France’s heatwave

by Chris Bertram on August 22, 2003

The latest figures from France suggest that there were up to 10,000 excess deaths in France’s recent heatwave. Chirac has called an emergency cabinet meeting and there will be an inquiry into the state of France’s medical services. As always, some kinds of people died more than others:

bq. Half the victims are believed to have died in old people’s homes, many operating with fewer staff during the August holidays. Many hospitals had closed complete wards for the month and were unable to offer sophisticated, or sometimes even basic, treatment to victims. About 2,000 people are thought to have died in their homes from the effects of dehydration and other heat- related problems while neighbours and relatives were away.

I’m a bit surprised that no-one covering this in the media has yet called on Eric Klinenberg whose analysis of the Chicago heatwave 1995 – in his book Heat Wave: A Social Autopsy of Disaster in Chicago – showed that what was at first thought of as a natural disaster had complex social causes. (UPDATE – thanks to Chris K for the link – big media in the form of today’s IHT have a piece by Klinenberg )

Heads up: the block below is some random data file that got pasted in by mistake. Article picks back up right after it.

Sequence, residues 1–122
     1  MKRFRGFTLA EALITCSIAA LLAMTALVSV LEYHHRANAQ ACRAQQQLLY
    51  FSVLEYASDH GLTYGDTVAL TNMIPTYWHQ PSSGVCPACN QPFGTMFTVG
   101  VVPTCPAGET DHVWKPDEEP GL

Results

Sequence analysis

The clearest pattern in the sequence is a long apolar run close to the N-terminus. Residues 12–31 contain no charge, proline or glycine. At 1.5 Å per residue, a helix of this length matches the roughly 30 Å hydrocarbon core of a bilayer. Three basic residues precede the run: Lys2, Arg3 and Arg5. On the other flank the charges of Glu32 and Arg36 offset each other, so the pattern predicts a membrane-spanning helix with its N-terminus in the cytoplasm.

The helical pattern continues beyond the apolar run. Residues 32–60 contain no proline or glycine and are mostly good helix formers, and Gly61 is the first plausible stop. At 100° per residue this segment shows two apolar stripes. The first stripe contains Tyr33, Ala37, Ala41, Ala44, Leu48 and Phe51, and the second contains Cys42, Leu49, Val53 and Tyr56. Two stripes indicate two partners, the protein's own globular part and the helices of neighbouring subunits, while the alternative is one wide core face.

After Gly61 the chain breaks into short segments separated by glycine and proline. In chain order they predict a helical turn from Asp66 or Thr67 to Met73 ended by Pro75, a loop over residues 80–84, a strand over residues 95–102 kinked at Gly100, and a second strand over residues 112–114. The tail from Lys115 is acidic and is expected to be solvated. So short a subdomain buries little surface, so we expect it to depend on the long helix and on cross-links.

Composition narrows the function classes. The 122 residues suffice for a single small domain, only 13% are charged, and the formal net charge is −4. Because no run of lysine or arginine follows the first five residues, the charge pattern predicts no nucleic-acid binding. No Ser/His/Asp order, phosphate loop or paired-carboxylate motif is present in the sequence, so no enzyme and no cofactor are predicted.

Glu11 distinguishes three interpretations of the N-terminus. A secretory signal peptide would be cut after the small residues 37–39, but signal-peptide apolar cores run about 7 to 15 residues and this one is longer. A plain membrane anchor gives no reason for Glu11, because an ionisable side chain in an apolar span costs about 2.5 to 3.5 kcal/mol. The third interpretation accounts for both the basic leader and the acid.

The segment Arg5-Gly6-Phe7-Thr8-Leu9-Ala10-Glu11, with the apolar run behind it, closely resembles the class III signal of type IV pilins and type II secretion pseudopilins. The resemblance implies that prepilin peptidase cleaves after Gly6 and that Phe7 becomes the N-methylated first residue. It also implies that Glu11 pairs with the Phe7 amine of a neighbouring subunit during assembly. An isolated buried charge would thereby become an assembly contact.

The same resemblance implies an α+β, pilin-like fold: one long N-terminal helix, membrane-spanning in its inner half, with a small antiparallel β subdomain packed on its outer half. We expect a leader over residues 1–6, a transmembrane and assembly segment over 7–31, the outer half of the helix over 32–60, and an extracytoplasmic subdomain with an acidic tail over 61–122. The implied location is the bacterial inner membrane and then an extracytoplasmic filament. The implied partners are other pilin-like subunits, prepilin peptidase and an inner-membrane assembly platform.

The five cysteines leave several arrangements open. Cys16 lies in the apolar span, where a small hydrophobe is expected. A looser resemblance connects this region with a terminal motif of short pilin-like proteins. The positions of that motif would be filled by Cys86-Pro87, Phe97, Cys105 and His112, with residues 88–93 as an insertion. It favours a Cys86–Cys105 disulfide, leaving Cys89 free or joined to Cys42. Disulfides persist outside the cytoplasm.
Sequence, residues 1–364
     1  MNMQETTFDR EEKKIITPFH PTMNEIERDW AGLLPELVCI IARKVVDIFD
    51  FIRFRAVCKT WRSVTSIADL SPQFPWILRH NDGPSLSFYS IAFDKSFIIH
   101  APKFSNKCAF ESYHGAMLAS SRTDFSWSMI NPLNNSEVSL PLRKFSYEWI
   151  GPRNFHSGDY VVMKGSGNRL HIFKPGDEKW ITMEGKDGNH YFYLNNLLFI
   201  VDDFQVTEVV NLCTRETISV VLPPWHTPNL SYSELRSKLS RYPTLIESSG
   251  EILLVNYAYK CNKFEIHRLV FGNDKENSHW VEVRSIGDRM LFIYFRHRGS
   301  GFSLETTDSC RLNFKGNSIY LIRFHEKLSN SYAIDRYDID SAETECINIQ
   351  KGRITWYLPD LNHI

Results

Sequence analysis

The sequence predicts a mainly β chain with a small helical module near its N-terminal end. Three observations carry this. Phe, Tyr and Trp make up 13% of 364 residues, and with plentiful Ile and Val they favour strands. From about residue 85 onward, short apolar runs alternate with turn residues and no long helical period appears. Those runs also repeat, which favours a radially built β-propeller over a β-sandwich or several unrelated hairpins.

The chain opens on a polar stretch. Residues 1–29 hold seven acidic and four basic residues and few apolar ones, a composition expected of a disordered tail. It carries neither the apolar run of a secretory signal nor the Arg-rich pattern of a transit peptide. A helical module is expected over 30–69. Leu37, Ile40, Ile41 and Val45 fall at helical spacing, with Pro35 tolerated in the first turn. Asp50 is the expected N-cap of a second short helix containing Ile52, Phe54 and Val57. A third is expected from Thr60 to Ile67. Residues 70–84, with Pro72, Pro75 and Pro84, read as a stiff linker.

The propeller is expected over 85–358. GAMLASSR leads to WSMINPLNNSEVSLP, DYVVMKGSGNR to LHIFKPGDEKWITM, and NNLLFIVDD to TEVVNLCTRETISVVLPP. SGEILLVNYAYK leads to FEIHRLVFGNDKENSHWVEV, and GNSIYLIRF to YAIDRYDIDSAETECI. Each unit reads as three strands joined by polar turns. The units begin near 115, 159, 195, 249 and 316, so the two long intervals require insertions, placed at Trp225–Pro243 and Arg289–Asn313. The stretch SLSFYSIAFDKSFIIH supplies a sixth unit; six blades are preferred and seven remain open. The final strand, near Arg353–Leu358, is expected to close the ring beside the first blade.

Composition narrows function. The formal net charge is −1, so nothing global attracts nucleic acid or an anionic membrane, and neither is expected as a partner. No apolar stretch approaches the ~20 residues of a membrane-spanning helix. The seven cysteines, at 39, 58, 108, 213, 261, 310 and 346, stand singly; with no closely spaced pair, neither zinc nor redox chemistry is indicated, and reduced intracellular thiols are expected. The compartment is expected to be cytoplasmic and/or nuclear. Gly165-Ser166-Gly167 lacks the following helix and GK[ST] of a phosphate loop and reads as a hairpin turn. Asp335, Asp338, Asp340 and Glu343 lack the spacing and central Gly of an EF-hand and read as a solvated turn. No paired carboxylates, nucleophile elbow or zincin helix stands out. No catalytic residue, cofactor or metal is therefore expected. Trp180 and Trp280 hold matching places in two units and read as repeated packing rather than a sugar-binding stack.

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Internal liquidation

by Chris Bertram on August 22, 2003

John Kay has a good column (from yesterday’s Financial Times) arguing that the crisis on Britain’s railways and in the US electricity supply industry exemplify a more widespread failing affecting both public and private sectors: boosting revenues whilst neglecting the underlying assets

bq. … modern business depends on intangible factors that, for good reasons, are not measured on the balance sheet. Security of supply is one. But the loyalty of employees, the trust of customers and the quality of service are also assets that require investment and depreciate if not well maintained. Reducing these investments enhances earnings. Media companies could focus on producing clones of already successful works – and it would be a few years before their bored audiences turned away. Financial institutions could replace their customer service staff by sales people and call centres. And drug companies could reduce costs and obtain synergies through mergers – and today find their pipelines of new drugs narrower than they have ever been.